Hempcrete blocks and hemp rebar were introduced at a workshop led by Old Pueblo Hemp Company. Photo courtesy of Micaela Machado

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 By Mary Lotus

Micaela Machado, general contractor and founder of Old Pueblo Hemp Co, believes the best introduction to building with hemp is for people to just get their hands on it. This was the guiding principal behind the three-day workshop she organized this October in Tucson.

Old Pueblo Hemp Co, so-called after a nickname for the city of Tucson, is a relatively new company. After struggling to find general contractors who were willing to build with hemp, Machado, decided to take on a two-and-a-half year process and contractor training to become one herself.

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“We are focusing on hemp lime construction and hemp blocks,” said Machado. With a hydraulic press, “we can make up to 60 blocks an hour, so it’s really fast.” Old Pueblo collaborated with Tulum-Mexico based company Heaven Grown to put organize the workshop. “Heaven Grown has elevated my level of natural building so much,” said Machado.

Old Pueblo Hemp founder Micaela Machado poses with hemp blocks at the Tuscon workshop. Photo courtesy Micaela Machado.

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Graymont Ltd.

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“These workshops are so important,” Machado said, describing her own experience.

“I had been into hemp, had heard about it but until I went to a workshop and worked with it, got my hands on it, it was almost like a fantasy,” said Machado. At the Tucson even, “we had people coming in from as far as Colombia and Florida and Jersey, and then we had local builders too. I really wanted these local builders to come and see that this is here, in Arizona. To create this sustainable industry this has to stay local.”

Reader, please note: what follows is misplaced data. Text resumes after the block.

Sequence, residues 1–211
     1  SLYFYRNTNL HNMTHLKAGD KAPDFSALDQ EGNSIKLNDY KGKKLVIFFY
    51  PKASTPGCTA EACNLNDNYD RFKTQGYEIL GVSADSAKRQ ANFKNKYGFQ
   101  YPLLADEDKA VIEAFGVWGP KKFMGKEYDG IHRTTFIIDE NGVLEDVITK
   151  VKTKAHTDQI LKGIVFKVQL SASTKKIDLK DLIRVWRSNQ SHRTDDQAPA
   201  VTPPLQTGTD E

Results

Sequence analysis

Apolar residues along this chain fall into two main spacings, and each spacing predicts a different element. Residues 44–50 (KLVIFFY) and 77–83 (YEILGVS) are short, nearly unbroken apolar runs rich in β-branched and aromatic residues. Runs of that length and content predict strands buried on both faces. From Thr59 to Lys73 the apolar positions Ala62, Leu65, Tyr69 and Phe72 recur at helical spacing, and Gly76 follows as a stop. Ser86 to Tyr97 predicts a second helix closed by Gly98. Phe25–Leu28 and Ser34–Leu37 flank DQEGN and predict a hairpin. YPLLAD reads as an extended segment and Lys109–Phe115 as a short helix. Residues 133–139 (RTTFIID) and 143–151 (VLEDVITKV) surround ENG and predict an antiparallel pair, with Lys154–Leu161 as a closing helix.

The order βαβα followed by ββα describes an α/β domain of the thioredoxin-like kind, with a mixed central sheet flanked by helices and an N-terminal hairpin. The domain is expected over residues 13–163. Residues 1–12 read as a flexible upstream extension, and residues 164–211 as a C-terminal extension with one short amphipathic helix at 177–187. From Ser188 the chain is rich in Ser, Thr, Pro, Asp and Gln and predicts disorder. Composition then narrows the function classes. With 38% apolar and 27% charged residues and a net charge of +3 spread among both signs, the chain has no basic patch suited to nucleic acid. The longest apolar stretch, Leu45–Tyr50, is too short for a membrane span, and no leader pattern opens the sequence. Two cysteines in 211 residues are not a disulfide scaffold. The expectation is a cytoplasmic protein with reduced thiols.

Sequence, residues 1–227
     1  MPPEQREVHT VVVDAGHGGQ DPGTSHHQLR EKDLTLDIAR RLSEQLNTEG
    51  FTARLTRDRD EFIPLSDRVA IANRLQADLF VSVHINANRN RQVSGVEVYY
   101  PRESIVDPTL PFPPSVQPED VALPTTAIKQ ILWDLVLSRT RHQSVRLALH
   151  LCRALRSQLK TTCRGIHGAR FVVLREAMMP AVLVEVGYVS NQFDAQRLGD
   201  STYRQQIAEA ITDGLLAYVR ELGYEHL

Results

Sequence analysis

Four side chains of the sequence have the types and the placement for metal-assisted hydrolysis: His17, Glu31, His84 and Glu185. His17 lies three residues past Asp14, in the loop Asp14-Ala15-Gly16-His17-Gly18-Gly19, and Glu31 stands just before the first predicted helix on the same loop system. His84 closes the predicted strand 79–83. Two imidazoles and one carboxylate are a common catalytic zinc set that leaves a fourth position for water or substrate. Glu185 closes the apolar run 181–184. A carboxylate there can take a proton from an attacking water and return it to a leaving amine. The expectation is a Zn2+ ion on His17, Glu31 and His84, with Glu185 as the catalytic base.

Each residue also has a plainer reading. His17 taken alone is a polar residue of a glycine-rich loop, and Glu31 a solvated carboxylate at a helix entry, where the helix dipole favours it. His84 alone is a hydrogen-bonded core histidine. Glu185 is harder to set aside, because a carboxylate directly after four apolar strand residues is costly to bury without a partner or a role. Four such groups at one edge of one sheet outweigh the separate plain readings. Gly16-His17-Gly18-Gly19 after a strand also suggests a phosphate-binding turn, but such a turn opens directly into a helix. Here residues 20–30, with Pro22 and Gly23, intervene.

The workshop, which was originally going to focus on hemp block production, expanded to include more natural building materials. “We worked with the hemp wool, hemp wood, hemp rebar, hemp lime and lime plaster.” Of the things they constructed were three dog houses, one made entirely of reclaimed materials. “We are utilizing the recourses that are here, and all of these things don’t need to go into a landfill.”

 Stephen Clarke with Heaven Grown opened her eyes to even more possibilities, like using different limes or including agave in the mix, said Machado. “He taught me that hemp is a medium that can be used with all kinds of different things, especially the materials we use out here in the dessert like adobe and lava-crete. All of these different materials that we can use together to get away from the concrete industry and create non toxic, high performing, homes.”

Clarke, on the other hand, was also introduced to something new in hemp rebar. “He was like, I didn’t believe it was real,” said Machado. Hemp rebar is fiberglass, coated with a bio-resin made from hemp. “They are tested, FRP (Fiberglass Reinforced Polymer) rated rebar. You can bend them, but they are at least twice as strong as steel rebar.”

Participants work with plaster on internal hemp block wall. Photo courtesy Micaela Machado

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The workshop took place at Machado’s parents house in Tucson, with 27 people in attendance. “I even had a family come from Texas. [The] daughter had said dad, for spring break I don’t want to go on vacation I want to go to this hemp building workshop. That is exactly what I wanted to see,” said Machado.  “We had my son here who is 6 years old, and the oldest attendant was probably in her 70s.”

The workshop also served to connect locals working within the natural building world, which is opening the door to the possibility of a natural building alliance within Tucson. “We have always admired each others work… It is a really exciting thing for us. There are so many different lanes in this natural building world,” says Machado. Collaboration on building could be down the line, for example with adobe blocks from Tucson based Awareness Ranch.  Each of these materials creates homes with different energies, says Machado. “It would be so cool to see how they intersect. I bet it would feel pretty great.”

 


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Originally published December 4, 2022 on Hemp Building Mag

https://www.hempbuildmag.com/home/old-pueblo